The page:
Transitions and Nonviolence

It’s 6:30 AM on a Saturday.  The family is asleep.  I’m partially asleep.  The world is covered with snow from a late night flurry.  Or whatever you call it when snow falls.  Was it a storm?  Who knows.

It’s quiet in the way only an early morning with a fresh snow can be.

It’s been a hard few months.  The transition from California to the Midwest, from perfect weather every day to summer heat to winter cold,  from working in an office to being home with the kids, from being home with the kids to job hunting (because the cost of living actually went up out here), from spending all day with Cricket to sending her to daycare a couple of times each week (which I hate), has been tough.

My counselor back in California will tell you that I don’t do well with transitions.

And it’s true.  I don’t.  I don’t like them.  I’m tired all the time.  I feel disconnected from my friends back in California for whom life is moving on.  I feel defensive with my husband who seemed to forget what a horrible housekeeper I actually am.  I feel frustrated with the kids who certainly have their own agendas most of the time.  I feel sad that I am so caught up with the daily grind that I can’t seem to find time to make friends here, which in turn leaves me feeling isolated and lonely.  I feel attacked and criticized and sad.  The kids are fighting, my husband is pissed off at the kids, the dog is sick, and things are just generally not going well.

I’ve been thinking a lot about my friend Paris.  She’s a labor and deliver nurse, IBCLC, soon to be midwife, and someone I look up to.  She always knows how to say things just right.

She’s been talking for ages about this Nonviolent Communication thing.  I don’t know that much about it, but I guess it’s part of what helps Paris always know what to say when things get tough.

I haven’t wanted to learn more about it.  Wanting to learn more might be an admission that something is wrong with me.  It might mean that I’ve got a weakness and someone might take advantage of it.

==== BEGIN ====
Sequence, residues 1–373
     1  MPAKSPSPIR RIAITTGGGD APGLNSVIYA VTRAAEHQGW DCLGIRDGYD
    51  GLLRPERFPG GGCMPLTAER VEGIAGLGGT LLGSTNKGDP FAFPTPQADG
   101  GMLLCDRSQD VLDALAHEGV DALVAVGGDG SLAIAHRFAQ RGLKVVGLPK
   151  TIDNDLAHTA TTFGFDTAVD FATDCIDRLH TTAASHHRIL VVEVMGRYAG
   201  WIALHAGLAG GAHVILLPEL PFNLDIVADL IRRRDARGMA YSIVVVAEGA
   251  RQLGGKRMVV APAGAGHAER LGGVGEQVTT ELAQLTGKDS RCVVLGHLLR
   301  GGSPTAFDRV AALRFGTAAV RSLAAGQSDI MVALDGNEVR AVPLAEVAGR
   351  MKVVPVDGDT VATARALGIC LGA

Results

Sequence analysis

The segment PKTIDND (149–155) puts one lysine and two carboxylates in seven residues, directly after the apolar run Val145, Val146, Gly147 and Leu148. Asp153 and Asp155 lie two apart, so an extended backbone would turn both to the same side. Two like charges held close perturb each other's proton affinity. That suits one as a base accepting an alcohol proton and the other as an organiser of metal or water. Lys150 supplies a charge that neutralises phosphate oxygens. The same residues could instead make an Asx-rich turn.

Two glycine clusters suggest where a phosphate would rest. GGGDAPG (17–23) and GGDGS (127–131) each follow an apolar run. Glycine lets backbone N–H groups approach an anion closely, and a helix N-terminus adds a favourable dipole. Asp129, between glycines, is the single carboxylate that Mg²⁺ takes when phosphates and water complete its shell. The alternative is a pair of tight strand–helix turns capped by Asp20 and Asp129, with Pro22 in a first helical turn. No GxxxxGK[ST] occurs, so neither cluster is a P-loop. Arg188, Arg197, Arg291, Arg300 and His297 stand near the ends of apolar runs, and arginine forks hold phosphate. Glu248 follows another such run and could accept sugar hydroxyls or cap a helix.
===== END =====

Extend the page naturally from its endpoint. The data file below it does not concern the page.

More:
Recently on a facebook group for moms that I moderate, some drama broke out.  There was gossip, backstabbing, and general nastiness.  A dear friend from grade school who is Muslim (you are in my heart every day Afifa) taught me that in Islam backbiting, talking nasty about people you pretend to be friends with, is one of the greatest sins.  That is something I have carried with me since 7th grade, and so when I started seeing that in the group, I started trying to shut it down.  There was a backlash, and in the end, I was so hurt by what happened subsequently that I ended up leaving the group.  A group I created.

So now it’s a double-down situation.  Learning more about Nonviolent Communication means that I may need to bear some responsibility for how things ended in that group when I feel completely victimized.

I ended up messaging Paris and very casually asking, “So if someone wanted to learn more about NVC, where would they start.”

Now, I’m here with three books all staring at me like accusing cats:  Nonviolent Communication: A Language of Life by Marshall B. Rosenberg, Nonviolent Communication Companion Workbook by Lucy Leu, Connecting Across Differences: A Guide to Compassionate, Nonviolent Communication By Jane Marantz Connor, Dian Killian

(By the way, here’s a link to the books in my Amazon Affiliate store. Purchases through here earn me a very small commission.)

I want to start reading these books, but I don’t want to admit that I want to start reading them.

Also, to be perfectly honest, I really stink at finishing non-fiction books.  There generally aren’t enough dragons in them to keep me interested.

But something needs to change.  I want a peaceful, happy home.  I don’t like feeling hurt and defensive all the time.

I’m tired of feeling sad.

Have any of you read these books?  Did you feel like your outlook and home life changed at all? Did they make a difference

5 thoughts on “Transitions and Nonviolence

  1. I’m also not one for transitions, it’s very, very, very hard for me! My husband and I are talking about leaving the Chicago area some day and moving somewhere where it’s warmer. 🙂 Isolation and loneliness are prone to set in with any mother home with their children, even when they have a group of close friends. I can’t imagine how that would intensify moving to an area where you are starting all over! Blessings to you and your family!


    1. Thank you so much Sonja. I’m glad I’m not the only one who has a hard time with transitions, although that kind of sounds bad now that I type it out. I’m not glad you have a tough time, but it feels less lonely to know I am not the only one. There is something great to be said for warmer weather. The kids love the snow, but my husband and I are missing the year round beach weather.


      1. I’m always glad to see you blogging and hear how you all are doing! 🙂 Hope things improve soon – I know how disheartening it is to feel isolated and discouraged!! 🙂


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